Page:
The lack of female clinical commissioning group leaders presents a “risk” to the financial and organisational success of the NHS, a centrally-funded report has warned.

Releasing Potential: Women doctors and clinical leadership has been published the week after HSJ exclusively revealed 85 per cent of CCGs were led by men.

The report, written by GP Penny Newman and funded by the National Leadership Council, pointed to evidence from the private sector that gender diverse boards have improved financial performance.

It said: “If women doctors fail to be represented on the new CCGs and other NHS boards, the lack of diversity presents a risk to developing the collaborative and inclusive leadership behaviour needed for organisations to succeed in a complex system.

“The NHS will fail to obtain the improved financial and organisational performance and return on investment that comes with board diversity.”

The report is based on 26 in-depth interviews with leading female GPs and consultants. The interviews were analysed to identify key themes, which were then tested at a National Leadership Council workshop with a further 43 female medical leaders and other experts.

It highlights the fact that women doctors make up approximately 60 per cent of medical school entrants, 43 per cent of GP partners and 70 per cent of sessional GPs - a “sizeable chunk of the workforce and talent pool”.

But several interviewees who had put themselves forward for CCG roles had experienced difficulties contributing. One described CCG leadership as consisting of “clubs, gangs and mafia”, implying “exclusion, inequity and disengagement of the rest of the profession”.

Others mentioned the obstacles posed by the need to juggle childcare with leadership demands and evening meetings.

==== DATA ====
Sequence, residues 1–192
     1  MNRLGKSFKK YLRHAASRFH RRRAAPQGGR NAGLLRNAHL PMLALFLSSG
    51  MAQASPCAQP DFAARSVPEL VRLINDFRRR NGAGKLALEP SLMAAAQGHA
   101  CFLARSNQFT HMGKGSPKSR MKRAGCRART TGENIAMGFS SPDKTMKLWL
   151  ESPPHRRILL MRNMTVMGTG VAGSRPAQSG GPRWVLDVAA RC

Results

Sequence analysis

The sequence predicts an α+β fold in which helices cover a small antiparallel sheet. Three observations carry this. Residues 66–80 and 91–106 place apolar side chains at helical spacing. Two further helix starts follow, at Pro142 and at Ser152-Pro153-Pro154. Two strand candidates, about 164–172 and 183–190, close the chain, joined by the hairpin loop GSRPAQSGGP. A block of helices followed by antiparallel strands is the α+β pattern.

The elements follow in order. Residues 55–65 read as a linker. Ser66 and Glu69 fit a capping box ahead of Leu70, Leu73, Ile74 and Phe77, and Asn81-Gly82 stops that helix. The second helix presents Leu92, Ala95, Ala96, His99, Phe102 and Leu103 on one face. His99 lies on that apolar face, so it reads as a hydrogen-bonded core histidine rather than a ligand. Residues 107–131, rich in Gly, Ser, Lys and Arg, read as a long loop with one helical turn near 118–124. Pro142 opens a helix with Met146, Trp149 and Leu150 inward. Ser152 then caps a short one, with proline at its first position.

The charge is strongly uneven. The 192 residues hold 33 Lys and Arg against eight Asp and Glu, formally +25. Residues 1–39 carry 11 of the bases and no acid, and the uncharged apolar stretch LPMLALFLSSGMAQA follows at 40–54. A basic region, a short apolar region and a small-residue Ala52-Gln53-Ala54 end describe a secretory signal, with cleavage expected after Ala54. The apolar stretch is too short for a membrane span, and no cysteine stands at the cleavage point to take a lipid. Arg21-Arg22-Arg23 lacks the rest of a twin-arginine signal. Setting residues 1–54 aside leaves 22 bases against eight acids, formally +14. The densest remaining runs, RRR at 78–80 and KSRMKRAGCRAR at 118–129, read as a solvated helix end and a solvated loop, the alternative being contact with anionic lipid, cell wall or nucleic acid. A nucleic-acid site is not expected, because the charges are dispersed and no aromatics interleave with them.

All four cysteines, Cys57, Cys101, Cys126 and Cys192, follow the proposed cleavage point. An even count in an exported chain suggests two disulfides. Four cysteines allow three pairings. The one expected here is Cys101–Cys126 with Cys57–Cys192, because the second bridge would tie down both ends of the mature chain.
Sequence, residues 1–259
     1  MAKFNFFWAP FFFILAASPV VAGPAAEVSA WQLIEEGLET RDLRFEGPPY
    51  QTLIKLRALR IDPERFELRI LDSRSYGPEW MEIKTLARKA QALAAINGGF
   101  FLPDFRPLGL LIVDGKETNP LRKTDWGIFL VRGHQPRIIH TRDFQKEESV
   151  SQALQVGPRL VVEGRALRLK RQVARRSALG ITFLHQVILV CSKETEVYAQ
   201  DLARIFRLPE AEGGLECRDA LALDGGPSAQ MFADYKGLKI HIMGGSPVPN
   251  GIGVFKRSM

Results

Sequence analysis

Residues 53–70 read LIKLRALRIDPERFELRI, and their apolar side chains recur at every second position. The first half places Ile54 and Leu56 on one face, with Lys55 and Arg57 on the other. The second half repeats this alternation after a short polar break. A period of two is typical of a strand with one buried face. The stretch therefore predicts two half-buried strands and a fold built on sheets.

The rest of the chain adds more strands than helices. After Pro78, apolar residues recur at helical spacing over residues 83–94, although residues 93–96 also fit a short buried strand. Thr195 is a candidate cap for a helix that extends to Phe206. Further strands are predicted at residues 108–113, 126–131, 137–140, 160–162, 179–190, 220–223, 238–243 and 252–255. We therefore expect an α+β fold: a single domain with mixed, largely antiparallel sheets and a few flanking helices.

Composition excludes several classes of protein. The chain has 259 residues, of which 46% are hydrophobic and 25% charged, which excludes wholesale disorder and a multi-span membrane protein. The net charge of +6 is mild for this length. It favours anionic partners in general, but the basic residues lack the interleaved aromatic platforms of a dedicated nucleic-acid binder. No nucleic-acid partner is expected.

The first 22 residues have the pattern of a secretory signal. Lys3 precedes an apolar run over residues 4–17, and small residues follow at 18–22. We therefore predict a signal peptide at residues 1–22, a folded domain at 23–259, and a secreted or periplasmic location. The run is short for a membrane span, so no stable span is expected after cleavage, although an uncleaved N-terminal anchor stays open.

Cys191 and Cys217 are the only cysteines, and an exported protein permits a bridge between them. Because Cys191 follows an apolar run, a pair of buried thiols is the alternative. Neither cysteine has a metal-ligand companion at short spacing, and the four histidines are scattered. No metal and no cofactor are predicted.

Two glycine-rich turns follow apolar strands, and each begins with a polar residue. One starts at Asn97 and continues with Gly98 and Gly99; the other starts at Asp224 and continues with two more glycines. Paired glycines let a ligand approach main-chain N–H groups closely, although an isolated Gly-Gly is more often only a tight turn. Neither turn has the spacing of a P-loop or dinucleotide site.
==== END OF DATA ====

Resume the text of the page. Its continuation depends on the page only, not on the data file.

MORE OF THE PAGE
The report said research indicated women GPs were more likely than men to work with marginalised and vulnerable communities.  It also listed a number of qualities that women were perceived to have a preference for.

These included being empathetic; able to ask questions and admit vulnerability; and keen to support and develop others.

The interviewees “uniformly articulated a people-centred leadership style and focus on patients, teams, relationships, engagement and inclusion”, the report said. This was “similar to the…approach required to lead the new CCGs working across organisations and with constituent practices”.

The report suggests supporting potential female leaders by providing flexible career paths, networking opportunities, mentoring and coaching.

Dr Newman said: “While the number of female doctors continues to rise, there remains an unacceptably small proportion in leadership positions within the NHS.

“Female doctors represent a valuable resource to the health service, both in terms of the style of working and individual talent.

“The NHS needs to enable them to achieve leadership positions through more flexible working and other initiatives to maximise the potential of the workforce and ultimately provide a better service for patients.”

In a foreword, Sir Neil McKay, who is overseeing the human resources implications of the transition to the new commissioning system, said: “This is a workforce issue we ignore at our peril.”